Regardless of whether the HOA governs a building, such as a condo or a townhome structure, or a neighborhood of individual houses, HOA fees help maintain the quality of life for the community’s residents and protect property values for all owners.
Each Association has present and future obligations defined by its governing documents. With brand new properties, Declarants may have the objective to keep capital contributions and dues low and to tout maintenance free living to sell units.
New, volunteer boards don’t know the extent of what they are responsible for, and often don’t have all the information or enough history to make informed decisions. And boards of established associations face the issues of maintaining and fixing older infrastructure.
Due to the fact that multiple parties live in the same building or complex, all residents of single family homes, condominiums and townhomes must be equally responsible for maintaining the common areas such as:
- swimming pools
- clubhouses and fitness rooms
- parking garages
- Tot Lots
- security gates
- building exteriors
The big dilemma facing Boards is “Do owners pay ahead, pay when expenses arise or borrow when expenses arise and pay later?
1. What are dues and capital contributions by homeowners supposed to cover?
- Current expenses, like insurance, management fees, snow plowing, grass cutting, the operation of common area and amenities like clubhouses, pools, and playgrounds (as detailed in governing documents)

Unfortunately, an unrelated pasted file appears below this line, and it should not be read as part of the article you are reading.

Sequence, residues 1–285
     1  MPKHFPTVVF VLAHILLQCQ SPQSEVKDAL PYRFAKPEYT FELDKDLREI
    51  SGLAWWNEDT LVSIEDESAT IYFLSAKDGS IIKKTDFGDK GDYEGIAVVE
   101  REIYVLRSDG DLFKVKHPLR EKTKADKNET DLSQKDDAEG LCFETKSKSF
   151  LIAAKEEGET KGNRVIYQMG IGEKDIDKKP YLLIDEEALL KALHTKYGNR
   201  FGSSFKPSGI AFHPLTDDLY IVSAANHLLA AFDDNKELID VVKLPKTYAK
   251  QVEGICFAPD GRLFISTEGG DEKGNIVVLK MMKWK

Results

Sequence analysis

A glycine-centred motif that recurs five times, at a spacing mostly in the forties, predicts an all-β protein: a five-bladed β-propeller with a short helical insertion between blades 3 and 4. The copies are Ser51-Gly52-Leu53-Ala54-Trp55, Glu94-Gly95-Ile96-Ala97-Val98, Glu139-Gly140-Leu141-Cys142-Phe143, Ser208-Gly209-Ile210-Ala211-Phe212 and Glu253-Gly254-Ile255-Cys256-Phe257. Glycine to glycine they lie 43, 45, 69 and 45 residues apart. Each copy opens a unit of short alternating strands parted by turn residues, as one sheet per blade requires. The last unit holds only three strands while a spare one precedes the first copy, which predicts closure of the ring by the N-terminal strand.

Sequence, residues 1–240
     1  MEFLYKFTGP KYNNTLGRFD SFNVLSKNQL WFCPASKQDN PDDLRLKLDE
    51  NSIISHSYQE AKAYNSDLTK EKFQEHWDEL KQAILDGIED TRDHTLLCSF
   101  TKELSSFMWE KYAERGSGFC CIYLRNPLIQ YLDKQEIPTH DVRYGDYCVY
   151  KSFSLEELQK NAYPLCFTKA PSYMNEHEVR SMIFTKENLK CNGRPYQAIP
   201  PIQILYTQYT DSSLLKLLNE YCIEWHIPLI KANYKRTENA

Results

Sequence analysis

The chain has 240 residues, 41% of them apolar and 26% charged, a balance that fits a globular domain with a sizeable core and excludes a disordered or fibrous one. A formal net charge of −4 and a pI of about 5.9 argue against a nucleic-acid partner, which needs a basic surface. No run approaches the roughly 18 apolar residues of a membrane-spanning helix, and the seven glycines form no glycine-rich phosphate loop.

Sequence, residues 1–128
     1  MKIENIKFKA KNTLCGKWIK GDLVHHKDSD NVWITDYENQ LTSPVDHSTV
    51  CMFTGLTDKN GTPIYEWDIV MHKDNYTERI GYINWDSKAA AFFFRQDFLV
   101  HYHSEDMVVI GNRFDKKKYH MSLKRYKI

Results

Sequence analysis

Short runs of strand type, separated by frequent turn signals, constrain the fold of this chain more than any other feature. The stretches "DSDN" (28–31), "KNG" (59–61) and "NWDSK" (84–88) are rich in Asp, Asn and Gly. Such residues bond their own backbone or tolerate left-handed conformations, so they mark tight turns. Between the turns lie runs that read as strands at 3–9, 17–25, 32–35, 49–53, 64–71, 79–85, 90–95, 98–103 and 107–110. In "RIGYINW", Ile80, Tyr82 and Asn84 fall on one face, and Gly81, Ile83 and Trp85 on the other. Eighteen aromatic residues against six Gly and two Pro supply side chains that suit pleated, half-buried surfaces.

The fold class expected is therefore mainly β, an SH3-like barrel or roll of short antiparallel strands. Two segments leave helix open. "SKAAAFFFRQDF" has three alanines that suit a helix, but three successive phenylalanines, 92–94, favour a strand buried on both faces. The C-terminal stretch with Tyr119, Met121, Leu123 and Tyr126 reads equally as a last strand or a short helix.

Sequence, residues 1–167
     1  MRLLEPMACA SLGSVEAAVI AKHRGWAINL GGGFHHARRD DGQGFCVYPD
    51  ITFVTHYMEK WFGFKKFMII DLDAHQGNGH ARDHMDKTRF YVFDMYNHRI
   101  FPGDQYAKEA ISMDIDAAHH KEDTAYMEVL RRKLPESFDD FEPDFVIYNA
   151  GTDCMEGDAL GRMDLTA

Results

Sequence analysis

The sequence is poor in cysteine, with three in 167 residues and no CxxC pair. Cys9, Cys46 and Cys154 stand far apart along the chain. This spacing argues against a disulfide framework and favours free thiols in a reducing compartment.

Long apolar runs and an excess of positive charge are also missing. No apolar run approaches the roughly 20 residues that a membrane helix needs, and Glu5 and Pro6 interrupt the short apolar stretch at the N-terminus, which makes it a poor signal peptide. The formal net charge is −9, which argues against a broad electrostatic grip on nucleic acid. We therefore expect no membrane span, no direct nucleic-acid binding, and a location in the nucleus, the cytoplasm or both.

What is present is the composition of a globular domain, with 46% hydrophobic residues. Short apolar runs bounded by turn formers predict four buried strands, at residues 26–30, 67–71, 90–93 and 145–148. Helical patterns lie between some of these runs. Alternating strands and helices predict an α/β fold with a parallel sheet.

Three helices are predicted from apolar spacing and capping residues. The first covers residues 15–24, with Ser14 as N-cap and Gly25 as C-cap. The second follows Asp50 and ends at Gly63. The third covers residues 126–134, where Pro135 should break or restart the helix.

- Future Obligations, like replacement of streets, sidewalks, amenities, and all other obligations described in governing documents.
2. What are Reserve Funds?
Reserve funds are designed to cover future expenses when they are predicted to be needed. For example, if a roof will last 20 years and cost $240,000 to replace, the Association needs $12,000 a year or $1,000 a month to go into reserves to be ready for that replacement. (Remember to adjust for interest and inflation)
- Reserve studies, performed by experienced experts, review every future obligation and apply reasonable assumptions to determine whether enough money is in reserve to meet those costs.
- Many developers short the reserves while many startup boards don’t realize it, thusly creating shortages.
- Shortages often times lead to Special Assessments.
3. What is a Special Assessment?
When associations don’t have reserves to cover required repairs, one-time special assessments are used to fill the gap.
- If reserves are short and repairs are needed, special assessments are around the corner.
- Reserve studies answer the questions, but only the association board can make the right assessment decisions.
- In many cases owners planning to sell want to kick the can until after they sell, leaving new buyers holding the bag.
- Pending special assessments can adversely affect property values.
4. Can the Association secure loans?
Many people may be surprised to know that in Pennsylvania, Unit Property Act Associations, and older Uniform Condominium Act associations formed from 1950-1980 usually have no power to borrow.
- Associations documents control whether mortgages on common ground or pledges of current reserves and/or future dues can be used to secure an association’s promise to pay.
- Some lenders want owners to jointly and severally guarantee repayment.
- Many governing documents require an amendment to meet lenders’ requirements to loan.
- Outstanding loan obligations affect property values
Rinaldo Acri Says: “The best thing to do when you are uncertain is to get a reserve study that assesses the life-cycle and replacement costs of common areas and community amenities. From there you can make an informed decision on how to plan for the future.”